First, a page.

Part III “Menagerie”: Drugs, alcoholism, morbid jokes about the dead, unsettling rumors, conniving Friends in boxes.  A landlord tells the police about his tenants Leslie Anstead, his wife Kate Anstead, and Leslie’s domineering mother (now a Friend) Ada Anstead.  Leslie drowns himself in alcohol as his wife is dying and his mother is certified insane and thus not allowed to have another transfer.  Ada will perpetually be in a box, but she has other plans.

Part IV “A Woman and Her Friend” (1973):  Woman Alice Lander, a Placement Officer at the Transfer Center, accidentally kills a child with her car.  Total Death will be the penalty if she cannot pull off a Transfer before the boards broadcast her name across the city.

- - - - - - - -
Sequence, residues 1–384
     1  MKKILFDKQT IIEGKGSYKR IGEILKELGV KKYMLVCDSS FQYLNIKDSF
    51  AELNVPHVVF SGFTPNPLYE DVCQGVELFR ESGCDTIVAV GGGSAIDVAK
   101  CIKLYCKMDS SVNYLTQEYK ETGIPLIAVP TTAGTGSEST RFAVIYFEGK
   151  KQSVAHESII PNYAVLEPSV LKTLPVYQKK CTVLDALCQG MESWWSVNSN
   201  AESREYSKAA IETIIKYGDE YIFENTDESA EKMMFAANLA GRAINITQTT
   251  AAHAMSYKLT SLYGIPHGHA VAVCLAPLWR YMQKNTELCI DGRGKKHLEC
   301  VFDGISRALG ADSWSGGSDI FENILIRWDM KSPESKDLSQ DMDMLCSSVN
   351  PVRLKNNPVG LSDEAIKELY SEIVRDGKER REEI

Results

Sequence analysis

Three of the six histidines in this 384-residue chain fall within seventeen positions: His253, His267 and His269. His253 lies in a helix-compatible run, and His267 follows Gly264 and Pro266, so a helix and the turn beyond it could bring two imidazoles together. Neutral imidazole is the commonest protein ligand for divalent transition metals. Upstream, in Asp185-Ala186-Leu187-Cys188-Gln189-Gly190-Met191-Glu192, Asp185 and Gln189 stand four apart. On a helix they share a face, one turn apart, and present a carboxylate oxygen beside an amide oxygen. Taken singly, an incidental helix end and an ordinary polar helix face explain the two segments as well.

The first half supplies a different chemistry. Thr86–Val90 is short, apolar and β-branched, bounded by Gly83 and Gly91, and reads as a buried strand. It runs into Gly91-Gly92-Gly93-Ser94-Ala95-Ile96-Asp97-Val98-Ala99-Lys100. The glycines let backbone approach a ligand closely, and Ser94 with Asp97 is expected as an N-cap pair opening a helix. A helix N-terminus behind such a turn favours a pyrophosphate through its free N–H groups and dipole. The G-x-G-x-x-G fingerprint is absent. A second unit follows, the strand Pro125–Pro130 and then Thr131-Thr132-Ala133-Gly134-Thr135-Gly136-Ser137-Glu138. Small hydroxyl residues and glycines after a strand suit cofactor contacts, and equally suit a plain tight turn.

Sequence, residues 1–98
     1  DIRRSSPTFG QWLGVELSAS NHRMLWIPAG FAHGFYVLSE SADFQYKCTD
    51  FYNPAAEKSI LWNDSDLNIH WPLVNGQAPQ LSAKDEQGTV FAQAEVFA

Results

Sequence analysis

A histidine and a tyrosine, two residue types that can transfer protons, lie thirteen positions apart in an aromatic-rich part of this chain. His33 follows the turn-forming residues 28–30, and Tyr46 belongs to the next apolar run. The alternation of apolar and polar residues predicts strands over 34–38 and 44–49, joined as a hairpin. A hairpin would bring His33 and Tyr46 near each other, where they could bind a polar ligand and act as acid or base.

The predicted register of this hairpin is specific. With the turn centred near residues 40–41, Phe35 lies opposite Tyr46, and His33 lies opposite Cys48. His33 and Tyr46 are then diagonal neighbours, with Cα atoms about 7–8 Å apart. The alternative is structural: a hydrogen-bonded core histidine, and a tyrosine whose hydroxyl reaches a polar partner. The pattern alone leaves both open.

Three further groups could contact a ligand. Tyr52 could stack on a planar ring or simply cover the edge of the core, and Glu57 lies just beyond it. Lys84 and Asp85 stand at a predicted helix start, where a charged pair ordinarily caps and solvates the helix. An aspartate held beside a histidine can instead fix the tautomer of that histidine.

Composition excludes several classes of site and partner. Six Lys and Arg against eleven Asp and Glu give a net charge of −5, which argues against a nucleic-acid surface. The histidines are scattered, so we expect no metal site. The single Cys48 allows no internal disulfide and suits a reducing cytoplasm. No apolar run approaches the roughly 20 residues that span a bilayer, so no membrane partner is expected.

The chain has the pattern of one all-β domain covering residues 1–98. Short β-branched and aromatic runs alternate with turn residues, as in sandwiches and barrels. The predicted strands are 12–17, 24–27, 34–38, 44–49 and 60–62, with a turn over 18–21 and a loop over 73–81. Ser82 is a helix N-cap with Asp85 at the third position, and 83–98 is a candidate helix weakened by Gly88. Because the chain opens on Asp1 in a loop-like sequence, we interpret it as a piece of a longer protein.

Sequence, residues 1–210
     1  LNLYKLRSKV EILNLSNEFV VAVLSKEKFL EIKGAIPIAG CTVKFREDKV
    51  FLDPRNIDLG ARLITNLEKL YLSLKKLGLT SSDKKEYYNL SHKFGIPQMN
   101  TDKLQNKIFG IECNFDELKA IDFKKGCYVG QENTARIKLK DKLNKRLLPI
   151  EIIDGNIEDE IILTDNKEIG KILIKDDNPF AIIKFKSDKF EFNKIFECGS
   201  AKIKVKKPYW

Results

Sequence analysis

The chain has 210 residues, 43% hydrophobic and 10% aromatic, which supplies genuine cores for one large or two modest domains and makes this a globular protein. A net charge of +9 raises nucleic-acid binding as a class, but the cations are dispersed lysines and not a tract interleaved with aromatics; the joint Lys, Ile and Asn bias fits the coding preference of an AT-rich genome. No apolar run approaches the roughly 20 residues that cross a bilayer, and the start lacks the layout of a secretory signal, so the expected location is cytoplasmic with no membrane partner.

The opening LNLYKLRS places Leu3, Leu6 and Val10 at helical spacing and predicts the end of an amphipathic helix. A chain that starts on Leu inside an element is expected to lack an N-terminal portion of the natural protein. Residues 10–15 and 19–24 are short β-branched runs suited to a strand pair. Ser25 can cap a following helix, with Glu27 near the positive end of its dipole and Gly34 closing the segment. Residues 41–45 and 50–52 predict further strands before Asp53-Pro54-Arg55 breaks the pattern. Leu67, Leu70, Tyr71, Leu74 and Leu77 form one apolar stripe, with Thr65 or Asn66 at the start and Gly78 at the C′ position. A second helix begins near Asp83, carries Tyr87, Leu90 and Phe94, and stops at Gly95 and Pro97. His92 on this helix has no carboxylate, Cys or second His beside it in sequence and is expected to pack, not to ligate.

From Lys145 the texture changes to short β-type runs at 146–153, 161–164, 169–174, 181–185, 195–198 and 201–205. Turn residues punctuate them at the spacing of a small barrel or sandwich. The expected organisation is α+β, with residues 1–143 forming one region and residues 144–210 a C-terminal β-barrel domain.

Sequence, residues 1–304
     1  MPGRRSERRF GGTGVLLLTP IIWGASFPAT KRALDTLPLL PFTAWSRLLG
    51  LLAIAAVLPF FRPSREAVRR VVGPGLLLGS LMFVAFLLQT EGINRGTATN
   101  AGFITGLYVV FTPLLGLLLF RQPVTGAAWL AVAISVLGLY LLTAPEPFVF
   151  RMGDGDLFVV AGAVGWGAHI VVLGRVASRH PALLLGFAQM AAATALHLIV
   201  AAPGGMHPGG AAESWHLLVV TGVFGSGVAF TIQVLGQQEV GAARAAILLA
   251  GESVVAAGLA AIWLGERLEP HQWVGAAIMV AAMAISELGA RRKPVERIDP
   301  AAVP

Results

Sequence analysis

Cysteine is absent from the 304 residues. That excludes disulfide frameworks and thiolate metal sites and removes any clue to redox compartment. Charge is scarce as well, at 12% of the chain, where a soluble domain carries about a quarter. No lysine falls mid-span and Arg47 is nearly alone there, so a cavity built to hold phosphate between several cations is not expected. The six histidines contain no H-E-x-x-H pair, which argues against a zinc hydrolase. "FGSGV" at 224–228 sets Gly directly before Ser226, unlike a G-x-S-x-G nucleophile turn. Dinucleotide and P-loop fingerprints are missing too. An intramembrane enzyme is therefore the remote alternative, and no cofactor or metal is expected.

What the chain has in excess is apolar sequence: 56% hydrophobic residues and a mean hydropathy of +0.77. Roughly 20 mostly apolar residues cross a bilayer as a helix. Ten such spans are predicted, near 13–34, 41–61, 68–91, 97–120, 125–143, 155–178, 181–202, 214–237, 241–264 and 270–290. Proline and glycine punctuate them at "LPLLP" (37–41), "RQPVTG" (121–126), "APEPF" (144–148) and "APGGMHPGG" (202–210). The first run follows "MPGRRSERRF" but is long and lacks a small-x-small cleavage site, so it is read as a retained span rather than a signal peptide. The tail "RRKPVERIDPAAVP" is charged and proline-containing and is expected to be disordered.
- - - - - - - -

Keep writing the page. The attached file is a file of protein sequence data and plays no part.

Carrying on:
Part V “Charity Run” ties all the stories together.  In the prologue Android Phillip Ewell, Transfer Surgeon, asked the ex-bartender to write the anti-System pamphlet.  This is his journey to open rebellion against the system.  Unlike Alice Lander. his ex-lover, who cares primarily for her own immortality, Philip moves somewhat accidentally into the orbit of  the inhabitants of Bovey Tracey who will do anything to resist the injunctions of the System.

Final Thoughts

Once the whimsical veneer wears off the true horror of the Michael Coney’s world shows through like some mordant and decrepit core.  The frame story, relayed by an “ex-bartender editing a small newspaper” (9) turned novelist, gives the first indication that all is not what it seems.  The ex-bartender us that what we are about to read is but some propagandistic exercise (drawn from real events) meant to illustrate the extent of the System: “and the characters will be ordinary people; mildly good, mildly bad” (9).  The vignettes of “ordinary people” highlight how the System manipulates the characters.  The system looms behind everything and everyone.  And the fight against it even compels the author of the pamphlet afters its initial publication—as indicated in the epilogue edition—to commit great violence (160).